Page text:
Truth Number One:
Equitable access to psychological services across Canada for people living with mental health problems and mental illnesses does not exist! The availability of different forms of treatment varies greatly from place to place.
Truth Number Two:
The services of psychologists are not funded by provincial health insurance plans which make them inaccessible to Canadians with modest incomes or no insurance." This is in spite of the fact that some of the most effective treatments for common mental disorders are psychological ones like cognitive behaviour therapy.
Antipsychotic drugs have proven to be crucial in relieving the psychotic symptoms of schizophrenia and psychosis (hallucinations and delusions). But they are not consistent in relieving the behavioral symptoms of the disorder. Many still have extraordinary difficulty with communication, motivation, self-care, and establishing and maintaining relationships with others. Moreover, because patients with schizophrenia frequently become ill during the critical career-forming years of life (ages 18 to 35), they are less likely to complete the training required for skilled work. As a result, many with schizophrenia not only struggle with thinking and emotional difficulties, but lack social and work skills and experience as well.
It is with these psychological, social and occupational problems that psychological and psychosocial treatments may help most. Numerous forms of psychosocial therapy are available for people with schizophrenia, and most focus on improving the patient’s social functioning — whether in the hospital or community, at home or on the job. Some of these approaches are as follows.
Rehabilitation. This includes a wide array of nonmedical interventions for those with schizophrenia. Rehabilitation programs emphasize social and vocational training to help patients and former patients overcome difficulties in these areas. Programs may include vocational counseling, job training, problem-solving and money management skills, use of public transportation, and social skills training. These approaches are important for the success of the community-centered treatment of schizophrenia, because they provide discharged patients with the skills necessary to lead productive lives outside the sheltered confines of a mental hospital.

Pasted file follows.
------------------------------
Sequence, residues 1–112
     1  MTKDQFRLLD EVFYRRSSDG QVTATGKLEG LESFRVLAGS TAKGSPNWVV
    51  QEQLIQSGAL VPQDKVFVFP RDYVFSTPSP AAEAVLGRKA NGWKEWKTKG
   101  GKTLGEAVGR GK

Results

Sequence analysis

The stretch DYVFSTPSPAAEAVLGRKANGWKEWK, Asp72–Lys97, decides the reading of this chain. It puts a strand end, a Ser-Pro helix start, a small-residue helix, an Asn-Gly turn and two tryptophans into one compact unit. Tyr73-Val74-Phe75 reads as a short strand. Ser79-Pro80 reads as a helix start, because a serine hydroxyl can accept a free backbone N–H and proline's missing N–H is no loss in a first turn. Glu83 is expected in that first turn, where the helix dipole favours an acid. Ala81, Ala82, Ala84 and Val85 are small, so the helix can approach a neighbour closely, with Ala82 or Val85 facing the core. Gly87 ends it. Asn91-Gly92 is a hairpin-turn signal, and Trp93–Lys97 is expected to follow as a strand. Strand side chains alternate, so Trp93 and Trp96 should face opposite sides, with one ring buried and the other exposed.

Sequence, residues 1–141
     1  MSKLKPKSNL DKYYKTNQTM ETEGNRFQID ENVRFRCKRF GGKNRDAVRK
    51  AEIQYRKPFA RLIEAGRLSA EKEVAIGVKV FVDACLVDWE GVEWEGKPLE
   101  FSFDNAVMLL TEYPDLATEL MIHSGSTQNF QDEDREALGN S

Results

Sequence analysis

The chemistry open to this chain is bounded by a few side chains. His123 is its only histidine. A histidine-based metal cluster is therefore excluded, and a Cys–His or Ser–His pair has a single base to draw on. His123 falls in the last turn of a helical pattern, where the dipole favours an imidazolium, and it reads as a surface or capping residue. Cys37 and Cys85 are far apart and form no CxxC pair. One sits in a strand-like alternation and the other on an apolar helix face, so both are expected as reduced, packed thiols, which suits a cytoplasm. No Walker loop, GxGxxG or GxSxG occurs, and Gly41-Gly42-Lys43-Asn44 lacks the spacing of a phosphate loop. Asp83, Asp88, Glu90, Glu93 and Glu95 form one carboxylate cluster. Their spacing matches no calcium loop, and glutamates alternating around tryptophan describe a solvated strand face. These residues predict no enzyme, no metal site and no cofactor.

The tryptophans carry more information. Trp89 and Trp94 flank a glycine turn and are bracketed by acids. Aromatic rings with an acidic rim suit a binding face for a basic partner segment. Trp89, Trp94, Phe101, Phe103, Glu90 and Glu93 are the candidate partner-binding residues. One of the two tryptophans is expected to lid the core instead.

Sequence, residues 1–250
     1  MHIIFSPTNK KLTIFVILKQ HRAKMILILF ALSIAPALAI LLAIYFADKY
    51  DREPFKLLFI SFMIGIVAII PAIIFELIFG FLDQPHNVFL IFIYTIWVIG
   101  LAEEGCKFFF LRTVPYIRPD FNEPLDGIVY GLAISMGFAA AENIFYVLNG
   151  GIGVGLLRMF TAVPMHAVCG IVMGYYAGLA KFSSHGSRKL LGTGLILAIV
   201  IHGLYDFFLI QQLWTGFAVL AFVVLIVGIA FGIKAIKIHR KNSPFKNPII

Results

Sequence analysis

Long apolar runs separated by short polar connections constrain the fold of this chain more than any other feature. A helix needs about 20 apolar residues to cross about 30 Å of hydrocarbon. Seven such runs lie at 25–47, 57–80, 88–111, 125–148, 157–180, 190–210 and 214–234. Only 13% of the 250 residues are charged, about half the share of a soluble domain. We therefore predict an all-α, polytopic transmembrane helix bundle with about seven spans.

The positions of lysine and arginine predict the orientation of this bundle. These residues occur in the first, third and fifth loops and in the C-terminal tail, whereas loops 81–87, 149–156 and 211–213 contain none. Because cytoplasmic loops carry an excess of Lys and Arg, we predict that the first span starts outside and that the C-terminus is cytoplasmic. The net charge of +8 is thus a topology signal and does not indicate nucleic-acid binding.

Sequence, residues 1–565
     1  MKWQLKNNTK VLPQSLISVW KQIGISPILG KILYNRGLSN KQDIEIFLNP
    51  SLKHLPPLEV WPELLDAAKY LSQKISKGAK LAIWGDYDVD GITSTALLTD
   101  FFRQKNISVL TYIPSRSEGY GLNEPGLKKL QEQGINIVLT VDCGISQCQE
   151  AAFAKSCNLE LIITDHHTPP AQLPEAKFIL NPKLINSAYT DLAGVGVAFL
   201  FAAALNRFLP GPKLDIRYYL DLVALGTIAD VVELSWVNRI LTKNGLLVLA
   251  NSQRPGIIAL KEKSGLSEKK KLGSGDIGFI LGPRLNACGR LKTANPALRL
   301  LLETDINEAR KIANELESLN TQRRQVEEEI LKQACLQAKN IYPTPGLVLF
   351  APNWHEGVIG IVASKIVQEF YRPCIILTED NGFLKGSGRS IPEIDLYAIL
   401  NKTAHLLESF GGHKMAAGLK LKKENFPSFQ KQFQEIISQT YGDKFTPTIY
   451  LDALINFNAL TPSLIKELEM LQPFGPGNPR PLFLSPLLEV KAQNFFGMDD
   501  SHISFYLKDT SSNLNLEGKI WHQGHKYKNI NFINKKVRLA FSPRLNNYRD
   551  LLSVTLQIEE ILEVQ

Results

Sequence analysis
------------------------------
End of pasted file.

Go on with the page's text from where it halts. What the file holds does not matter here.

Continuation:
Individual psychotherapy. This involves regularly scheduled talks between the patient and a mental health professional such as a psychiatrist, psychologist, psychiatric social worker or nurse. The sessions may focus on current or past problems, experiences, thoughts, feelings or relationships. By sharing experiences with a trained empathic person — talking about their world with someone outside it — individuals with schizophrenia or psychosis may gradually come to understand more about themselves and their problems. They can also learn to sort out the real from the unreal and distorted.
Recent studies indicate that supportive, reality-oriented, individual psychotherapy and cognitive-behavioral approaches that teach coping and problem-solving skills, can be beneficial for outpatients with schizophrenia. However, psychotherapy is not a substitute for antipsychotic medication, and it is most helpful once drug treatment first has relieved a patient’s psychotic symptoms.
Family “psychoeducation,” which includes teaching various coping strategies and problem-solving skills, may help families deal more effectively with their ill relative and may contribute to an improved outcome for the patient.
Very often, patients with schizophrenia are discharged from the hospital into the care of their family; it is important that family members learn all they can about schizophrenia and understand the difficulties and problems associated with the illness. It is also helpful for family members to learn ways to minimize the patient’s chance of relapse — for example, by using different treatment adherence strategies — and to be aware of the various kinds of outpatient and family services available in the period after hospitalization.